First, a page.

Referring to FIG. 19b, in contrast, in the motor configuration, an AC power source 113 may provide three phase power to the terminals 38 received by the separate set of plates 32 (A, B, and C) of one stator disk 30 with the opposed plates 32 of the stator disk 30 across the rotor disk 24 of plate 32 connected to ground.

It will be appreciated that the separation of the plates 32 and plate areas 26 in the above described embodiments that ride on a cushion of air, may alternatively ride on a cushion of an insulating fluid, such as a dielectric oil, the latter providing benefits in being non-compressible and thus improving the mechanical stability of the device and its resistance to attractive forces.

Referring now to FIGS. 20 and 21, in an alternative embodiment the stator 30′ may be in the form of a ring displacing it outside of the periphery of the rotor disks 24a and 24b. Electrodes 32 of the stator may extend radially inward from the stator disks 30 between the space defined by the axial separation of the rotor disks 24a and 24b. As so positioned, the electrodes 32 will be periodically opposed on opposite sides by respective plate areas 26 of the rotor disk 24a and 24b. To the extent that the forces between the plate areas 26 and the electrode 32 are thereby balanced, axial forces on the electrode 32 will be essentially canceled in favor of the desired torsional forces, the latter overcome when the rotating electrical machine 10 is operating in a generator mode or exploited as a driving force for rotation when the rotating electrical machine 10 is operating in a motor mode.

As before electrode 32 includes an ability to flex axially either by pivot, or flexure of the flexing portion 58 as shown in FIG. 20, so that it may “float” on streams of air 66 drawn along the surfaces of the rotor disks 24a and 24b in their rotation. Generally, these fluid forces will cause a centering of the plate 32 between the rotor disks 24a and 24b.

In this embodiment the axial spacing of the rotor disks 24a and 24b may be closer than in the embodiment of FIG. 1 providing an axially more compact device. The forces of the air 66 on opposite sides of the plate 32, in this embodiment, may eliminate the need for substantial spring biasing of the plate 32. It will be understood from this description that the plate 32 may alternatively be bifurcated into two mutually electrically isolated plates 32 sharing a common pivot to self center between the rotor discs 24a and 24b while providing separate electrical paths, if desired.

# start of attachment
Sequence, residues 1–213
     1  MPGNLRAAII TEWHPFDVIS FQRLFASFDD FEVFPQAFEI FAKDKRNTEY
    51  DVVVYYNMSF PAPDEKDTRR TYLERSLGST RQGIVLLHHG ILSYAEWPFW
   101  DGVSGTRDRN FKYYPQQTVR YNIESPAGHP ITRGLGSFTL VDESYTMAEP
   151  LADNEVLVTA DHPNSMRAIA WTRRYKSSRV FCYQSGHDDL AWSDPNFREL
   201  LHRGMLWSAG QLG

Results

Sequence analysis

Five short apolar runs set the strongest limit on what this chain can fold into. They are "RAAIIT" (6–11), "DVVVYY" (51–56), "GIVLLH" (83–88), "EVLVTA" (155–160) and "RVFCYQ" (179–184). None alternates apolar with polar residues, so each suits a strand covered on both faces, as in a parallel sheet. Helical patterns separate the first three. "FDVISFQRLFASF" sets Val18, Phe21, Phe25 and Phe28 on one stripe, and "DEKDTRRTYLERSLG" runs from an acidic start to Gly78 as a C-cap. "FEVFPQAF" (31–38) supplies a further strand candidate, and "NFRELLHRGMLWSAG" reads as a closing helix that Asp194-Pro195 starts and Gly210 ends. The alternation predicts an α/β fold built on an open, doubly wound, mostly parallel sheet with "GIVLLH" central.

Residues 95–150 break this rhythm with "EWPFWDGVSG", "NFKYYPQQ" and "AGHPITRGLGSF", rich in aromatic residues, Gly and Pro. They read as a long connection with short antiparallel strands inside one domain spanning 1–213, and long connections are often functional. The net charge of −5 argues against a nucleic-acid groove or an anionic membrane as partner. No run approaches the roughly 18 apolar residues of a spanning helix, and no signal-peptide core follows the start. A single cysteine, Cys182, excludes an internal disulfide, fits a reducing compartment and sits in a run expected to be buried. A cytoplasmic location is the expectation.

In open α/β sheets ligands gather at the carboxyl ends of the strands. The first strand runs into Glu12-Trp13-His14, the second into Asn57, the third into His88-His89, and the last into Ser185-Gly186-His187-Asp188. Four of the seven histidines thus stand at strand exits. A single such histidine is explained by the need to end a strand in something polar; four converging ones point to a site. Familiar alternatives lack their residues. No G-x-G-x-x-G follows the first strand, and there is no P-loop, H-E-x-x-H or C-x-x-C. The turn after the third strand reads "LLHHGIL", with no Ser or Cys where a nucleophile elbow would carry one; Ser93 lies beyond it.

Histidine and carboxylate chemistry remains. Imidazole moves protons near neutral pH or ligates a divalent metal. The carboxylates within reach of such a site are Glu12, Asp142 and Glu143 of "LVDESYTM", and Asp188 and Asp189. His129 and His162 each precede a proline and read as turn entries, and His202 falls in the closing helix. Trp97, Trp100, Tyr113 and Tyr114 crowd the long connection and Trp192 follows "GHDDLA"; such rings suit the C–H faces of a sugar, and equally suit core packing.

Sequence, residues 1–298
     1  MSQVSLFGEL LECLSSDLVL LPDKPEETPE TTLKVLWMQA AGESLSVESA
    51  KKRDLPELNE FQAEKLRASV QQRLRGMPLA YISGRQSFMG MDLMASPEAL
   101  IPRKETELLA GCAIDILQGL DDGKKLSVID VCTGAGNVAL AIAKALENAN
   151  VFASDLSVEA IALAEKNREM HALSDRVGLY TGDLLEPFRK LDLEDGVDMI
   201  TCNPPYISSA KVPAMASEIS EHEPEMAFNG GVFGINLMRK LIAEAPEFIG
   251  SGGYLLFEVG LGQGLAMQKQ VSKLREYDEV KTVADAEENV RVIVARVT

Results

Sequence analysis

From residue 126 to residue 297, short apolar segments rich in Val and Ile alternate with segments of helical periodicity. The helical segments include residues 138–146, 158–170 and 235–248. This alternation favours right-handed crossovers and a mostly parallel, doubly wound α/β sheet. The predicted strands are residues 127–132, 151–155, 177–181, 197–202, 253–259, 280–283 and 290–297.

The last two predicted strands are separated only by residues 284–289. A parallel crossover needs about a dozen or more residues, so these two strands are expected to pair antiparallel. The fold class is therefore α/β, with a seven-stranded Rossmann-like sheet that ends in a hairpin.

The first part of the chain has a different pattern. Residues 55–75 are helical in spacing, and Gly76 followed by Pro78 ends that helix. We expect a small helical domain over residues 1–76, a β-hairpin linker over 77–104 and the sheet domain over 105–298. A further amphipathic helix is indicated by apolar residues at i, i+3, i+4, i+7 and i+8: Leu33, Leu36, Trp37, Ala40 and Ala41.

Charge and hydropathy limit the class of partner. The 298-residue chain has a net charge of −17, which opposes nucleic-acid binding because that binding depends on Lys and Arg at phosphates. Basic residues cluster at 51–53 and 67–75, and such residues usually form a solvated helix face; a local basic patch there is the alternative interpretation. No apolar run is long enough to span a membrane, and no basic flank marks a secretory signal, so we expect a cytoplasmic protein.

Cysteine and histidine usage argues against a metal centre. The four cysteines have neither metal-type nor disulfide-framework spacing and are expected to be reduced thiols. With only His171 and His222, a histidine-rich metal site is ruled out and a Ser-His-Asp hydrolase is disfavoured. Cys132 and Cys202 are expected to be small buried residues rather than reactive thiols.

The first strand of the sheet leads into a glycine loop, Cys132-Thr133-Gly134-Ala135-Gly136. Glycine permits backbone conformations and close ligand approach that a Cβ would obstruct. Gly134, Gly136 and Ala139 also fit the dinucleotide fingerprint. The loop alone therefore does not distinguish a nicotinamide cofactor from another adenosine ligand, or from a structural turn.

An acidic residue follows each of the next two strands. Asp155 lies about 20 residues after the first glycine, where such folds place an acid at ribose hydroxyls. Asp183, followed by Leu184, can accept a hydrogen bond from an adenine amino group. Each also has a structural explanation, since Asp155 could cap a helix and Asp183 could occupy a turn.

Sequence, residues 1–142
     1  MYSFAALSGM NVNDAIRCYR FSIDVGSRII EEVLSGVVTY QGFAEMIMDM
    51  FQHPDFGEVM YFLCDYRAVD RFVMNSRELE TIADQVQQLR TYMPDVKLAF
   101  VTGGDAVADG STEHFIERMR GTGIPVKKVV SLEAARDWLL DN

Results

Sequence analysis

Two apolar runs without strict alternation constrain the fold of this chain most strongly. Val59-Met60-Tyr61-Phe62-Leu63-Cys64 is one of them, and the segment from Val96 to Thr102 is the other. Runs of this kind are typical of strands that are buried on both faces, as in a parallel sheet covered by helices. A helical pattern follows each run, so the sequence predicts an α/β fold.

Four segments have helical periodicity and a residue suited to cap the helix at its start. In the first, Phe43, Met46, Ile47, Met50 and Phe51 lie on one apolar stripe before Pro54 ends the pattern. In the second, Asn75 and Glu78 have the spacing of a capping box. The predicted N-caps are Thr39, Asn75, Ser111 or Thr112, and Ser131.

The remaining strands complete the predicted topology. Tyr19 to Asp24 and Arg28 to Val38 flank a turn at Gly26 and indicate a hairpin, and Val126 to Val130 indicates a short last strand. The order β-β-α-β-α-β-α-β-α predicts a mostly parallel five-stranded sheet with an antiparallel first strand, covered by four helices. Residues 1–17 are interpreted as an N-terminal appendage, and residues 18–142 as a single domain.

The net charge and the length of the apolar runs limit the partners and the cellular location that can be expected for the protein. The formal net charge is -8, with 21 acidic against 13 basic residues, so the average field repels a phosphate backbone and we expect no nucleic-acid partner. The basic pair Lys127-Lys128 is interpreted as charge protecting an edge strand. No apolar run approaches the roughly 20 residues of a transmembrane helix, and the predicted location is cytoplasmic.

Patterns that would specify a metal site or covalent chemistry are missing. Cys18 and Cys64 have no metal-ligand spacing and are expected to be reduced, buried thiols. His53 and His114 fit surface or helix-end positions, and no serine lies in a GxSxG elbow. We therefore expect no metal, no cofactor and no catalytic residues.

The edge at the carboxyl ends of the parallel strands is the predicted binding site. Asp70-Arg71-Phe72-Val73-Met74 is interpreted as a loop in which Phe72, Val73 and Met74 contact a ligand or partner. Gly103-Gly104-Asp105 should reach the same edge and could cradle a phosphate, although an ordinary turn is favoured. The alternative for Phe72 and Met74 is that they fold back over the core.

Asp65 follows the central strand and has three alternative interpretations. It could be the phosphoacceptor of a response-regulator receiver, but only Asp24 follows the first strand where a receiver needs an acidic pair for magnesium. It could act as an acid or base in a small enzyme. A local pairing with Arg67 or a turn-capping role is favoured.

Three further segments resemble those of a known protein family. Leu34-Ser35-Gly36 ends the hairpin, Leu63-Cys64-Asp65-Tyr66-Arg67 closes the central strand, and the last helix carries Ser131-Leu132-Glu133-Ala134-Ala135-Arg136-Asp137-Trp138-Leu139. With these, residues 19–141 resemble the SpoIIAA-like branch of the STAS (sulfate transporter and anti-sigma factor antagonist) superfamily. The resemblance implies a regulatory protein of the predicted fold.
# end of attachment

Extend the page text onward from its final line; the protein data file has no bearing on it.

It will be understood according to standard usage that elements considered to be electrically attached to the terminals of a component may be joined directly by a conductor or indirectly through other intervening elements, this indirect attachment ending upon reaching a terminal of the component.

Certain terminology is used herein for purposes of reference only, and thus is not intended to be limiting. For example, terms such as “upper”, “lower”, “above”, and “below” refer to directions in the drawings to which reference is made. Terms such as “front”, “back”, “rear”, “bottom” and “side”, describe the orientation of portions of the component within a consistent but arbitrary frame of reference which is made clear by reference to the text and the associated drawings describing the component under discussion. Such terminology may include the words specifically mentioned above, derivatives thereof, and words of similar import. Similarly, the terms “first”, “second” and other such numerical terms referring to structures do not imply a sequence or order unless clearly indicated by the context. Although the stator and rotors are shown as disks in the disclosed embodiments, there is no requirement that the stator or rotor be in a disk form.

When introducing elements or features of the present disclosure and the exemplary embodiments, the articles “a”, “an”, “the” and “said” are intended to mean that there are one or more of such elements or features. The terms “comprising”, “including” and “having” are intended to be inclusive and mean that there may be additional elements or features other than those specifically noted. It is further to be understood that the method steps, processes, and operations described herein are not to be construed as necessarily requiring their performance in the particular order discussed or illustrated, unless specifically identified as an order of performance. It is also to be understood that additional or alternative steps may be employed.

It is specifically intended that the present invention not be limited to the embodiments and illustrations contained herein and the claims should be understood to include modified forms of those embodiments including portions of the embodiments and combinations of elements of different embodiments as come within the scope of the following claims. All of the publications described herein, including patents and non-patent publications, are hereby incorporated herein by reference in their entireties.